From a casino foreign policy to principled foreign policy

By Ameen Izzadeen
The United States Assistant Secretary of State Nisha Biswal was here this week. President Maithripala Siriesena will visit New Delh on February 15 while Indian Prime Minister Narendra Modi will make a reciprocal visit in March. Within days of assuming office, Sri Lanka’s Foreign Minister Mangala Samaraweera undertook visits to New Delhi and Brussels. He will be in Washington in the next few days to meet Secretary of State John Kerry.
High level contacts with the West and the refreshing of Indo-Lanka relations may indicate a paradigm shift in Sri Lanka’s foreign policy – a shift towards, if official claims are to be believed, non-alignment, a long defunct political force. But the visible shift has stoked fears that we are moving towards a US-India-Japan axis from what was perceived to be a China-centric policy of the previous regime, though some may see the change as an attempt to shore up foreign policy sectors that were deliberately downplayed to appease China, Sri Lanka’s biggest donor. But are we hurtling headlong towards the US-India-Japan axis?
Resetting ties with the West and winning back the confidence of Sri Lanka’s giant neighbour, India, are steps in the right direction. Such moves may help Sri Lanka not only to work out a formula to extricate itself from international investigations on alleged war crimes but also to attract job-generating Western investors, many of whom shunned this country over law and order concerns during the Mahinda Rajapaksa regime.
But we should be cautious not to get pulled by the gravitational force of the US-India-Japan axis, which has its own agenda vis-à-vis China’s growing military might.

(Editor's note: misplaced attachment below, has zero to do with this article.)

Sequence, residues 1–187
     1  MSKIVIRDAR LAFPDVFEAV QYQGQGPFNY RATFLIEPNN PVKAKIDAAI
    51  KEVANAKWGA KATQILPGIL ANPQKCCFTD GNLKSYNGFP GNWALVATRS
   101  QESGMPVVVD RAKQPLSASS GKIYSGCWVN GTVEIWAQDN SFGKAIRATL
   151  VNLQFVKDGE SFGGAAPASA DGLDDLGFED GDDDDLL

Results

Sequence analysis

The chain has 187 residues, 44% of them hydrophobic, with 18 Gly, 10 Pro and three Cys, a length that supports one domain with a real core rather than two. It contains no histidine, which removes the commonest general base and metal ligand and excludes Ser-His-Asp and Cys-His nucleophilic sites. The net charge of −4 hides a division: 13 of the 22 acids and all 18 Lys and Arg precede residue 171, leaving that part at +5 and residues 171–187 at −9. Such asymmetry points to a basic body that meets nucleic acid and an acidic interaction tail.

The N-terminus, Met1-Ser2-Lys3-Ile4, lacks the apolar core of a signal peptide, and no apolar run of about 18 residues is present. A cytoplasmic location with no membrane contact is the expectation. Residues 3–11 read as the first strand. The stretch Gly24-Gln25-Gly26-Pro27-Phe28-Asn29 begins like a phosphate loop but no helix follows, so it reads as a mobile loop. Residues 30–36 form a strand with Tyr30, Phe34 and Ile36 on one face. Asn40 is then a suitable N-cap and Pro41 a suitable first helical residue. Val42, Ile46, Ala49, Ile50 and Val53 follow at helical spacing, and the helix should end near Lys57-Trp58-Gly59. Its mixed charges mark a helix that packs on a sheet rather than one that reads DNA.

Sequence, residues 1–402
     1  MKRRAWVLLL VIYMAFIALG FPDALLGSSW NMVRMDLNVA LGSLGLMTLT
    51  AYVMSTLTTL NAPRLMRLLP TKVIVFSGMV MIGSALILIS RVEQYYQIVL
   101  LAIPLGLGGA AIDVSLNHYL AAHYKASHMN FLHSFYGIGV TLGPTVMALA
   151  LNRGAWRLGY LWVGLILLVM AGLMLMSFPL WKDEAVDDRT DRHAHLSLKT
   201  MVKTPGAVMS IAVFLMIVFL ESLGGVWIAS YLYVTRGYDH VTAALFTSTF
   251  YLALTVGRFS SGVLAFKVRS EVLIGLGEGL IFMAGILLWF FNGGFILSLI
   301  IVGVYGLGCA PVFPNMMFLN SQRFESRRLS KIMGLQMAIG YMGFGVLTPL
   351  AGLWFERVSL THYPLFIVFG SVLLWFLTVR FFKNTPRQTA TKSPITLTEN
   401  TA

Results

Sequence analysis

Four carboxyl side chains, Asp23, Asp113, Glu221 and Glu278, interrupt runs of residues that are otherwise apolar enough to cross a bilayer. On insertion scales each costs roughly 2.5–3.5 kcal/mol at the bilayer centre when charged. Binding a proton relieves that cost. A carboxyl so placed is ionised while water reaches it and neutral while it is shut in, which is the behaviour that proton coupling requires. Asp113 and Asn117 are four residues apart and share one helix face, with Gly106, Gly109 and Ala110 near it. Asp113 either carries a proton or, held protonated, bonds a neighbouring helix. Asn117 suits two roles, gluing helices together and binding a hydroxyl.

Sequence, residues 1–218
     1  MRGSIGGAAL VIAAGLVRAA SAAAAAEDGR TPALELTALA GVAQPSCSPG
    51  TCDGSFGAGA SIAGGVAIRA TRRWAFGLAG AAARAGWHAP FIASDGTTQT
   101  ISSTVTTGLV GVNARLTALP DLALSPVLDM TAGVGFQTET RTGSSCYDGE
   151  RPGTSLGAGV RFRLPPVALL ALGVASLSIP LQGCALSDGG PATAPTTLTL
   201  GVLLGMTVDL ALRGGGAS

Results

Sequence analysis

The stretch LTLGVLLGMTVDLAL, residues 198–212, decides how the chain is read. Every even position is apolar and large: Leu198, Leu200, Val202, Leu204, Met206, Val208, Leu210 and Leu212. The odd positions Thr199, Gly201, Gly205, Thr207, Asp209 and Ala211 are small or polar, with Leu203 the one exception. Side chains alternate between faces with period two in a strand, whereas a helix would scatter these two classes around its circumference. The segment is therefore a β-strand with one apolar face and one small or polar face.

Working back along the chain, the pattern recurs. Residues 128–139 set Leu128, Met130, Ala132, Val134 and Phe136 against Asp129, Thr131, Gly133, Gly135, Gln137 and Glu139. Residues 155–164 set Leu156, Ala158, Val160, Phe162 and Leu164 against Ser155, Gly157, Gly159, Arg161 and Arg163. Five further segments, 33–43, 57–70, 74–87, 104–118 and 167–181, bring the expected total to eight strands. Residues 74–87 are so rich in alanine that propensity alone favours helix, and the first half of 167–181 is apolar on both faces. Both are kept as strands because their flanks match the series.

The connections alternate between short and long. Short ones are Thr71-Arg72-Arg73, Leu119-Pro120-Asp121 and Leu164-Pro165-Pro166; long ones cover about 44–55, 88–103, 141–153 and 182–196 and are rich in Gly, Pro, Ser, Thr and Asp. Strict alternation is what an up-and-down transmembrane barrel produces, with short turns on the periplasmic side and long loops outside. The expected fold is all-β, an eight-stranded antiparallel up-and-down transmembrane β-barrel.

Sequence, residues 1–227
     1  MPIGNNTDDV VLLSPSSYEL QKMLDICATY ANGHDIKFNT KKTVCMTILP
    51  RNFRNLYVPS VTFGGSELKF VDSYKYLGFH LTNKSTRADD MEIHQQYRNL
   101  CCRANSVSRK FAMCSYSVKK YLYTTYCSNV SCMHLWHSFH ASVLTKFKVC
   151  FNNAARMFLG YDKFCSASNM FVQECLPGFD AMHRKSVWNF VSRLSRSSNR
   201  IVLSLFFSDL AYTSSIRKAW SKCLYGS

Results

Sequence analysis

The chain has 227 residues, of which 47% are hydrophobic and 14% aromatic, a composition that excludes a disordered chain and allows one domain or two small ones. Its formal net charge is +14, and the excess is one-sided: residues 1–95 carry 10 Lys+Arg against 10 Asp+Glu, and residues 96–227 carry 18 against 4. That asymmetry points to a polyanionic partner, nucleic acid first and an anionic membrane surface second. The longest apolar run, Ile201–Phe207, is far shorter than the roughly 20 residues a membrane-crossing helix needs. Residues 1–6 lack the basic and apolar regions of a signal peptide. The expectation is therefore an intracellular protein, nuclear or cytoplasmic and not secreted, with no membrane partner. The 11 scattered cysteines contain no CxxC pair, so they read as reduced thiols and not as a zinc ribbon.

Although the US-India-Japan axis does not exist in a formal way, moves are underway to formalise a trilateral strategic partnership. It was a key feature during US Defence Secretary Chuck Hagel’s visit to New Delhi in August last year. This alliance, which has the support of Japan’s nationalist Prime Minister Shinzo Abe, is touted as the most powerful outside the US-led NATO.
During Premier Modi’s visit to Japan in September last year, the two countries decided to “upgrade” and “strengthen” their defence cooperation. China which has territorial disputes with India and Japan is certainly alarmed at these developments. In May last year, China’s Communist Party-run Global Times newspaper warned, “India gets close to Japan at its own peril”.
Also adding to China’s concerns is a parallel development involving the US, India, Japan and Australia. Known as the Quadrilateral Security Dialogue (QSD), this tie-up, initiated by Japan’s Abe, was seen by many analysts as a response to China’s military threat.
These subtle formations of alliances take place against the backdrop of US President Barack Obama’s Pivot-to-Asia policy aimed at containing China, a looming superpower, which is likely to overtake the US as the world’s top economy within years. In this new Cold War, the foreign policy of every Asian country matters. To counter Beijing’s military muscle, Japan, Vietnam, the Philippines, South Korea and other nations that have territorial disputes with China have further strengthened defence relations with the US. While some countries that depend on Chinese economic aid remained neutral, the Rajapaksa regime with its myopic foreign policy that contributed to the worsening of relations with the West leaned towards China not only to solve its economic woes but also to court Beijing’s support to quash Western moves to penalise Sri Lanka for alleged war crimes.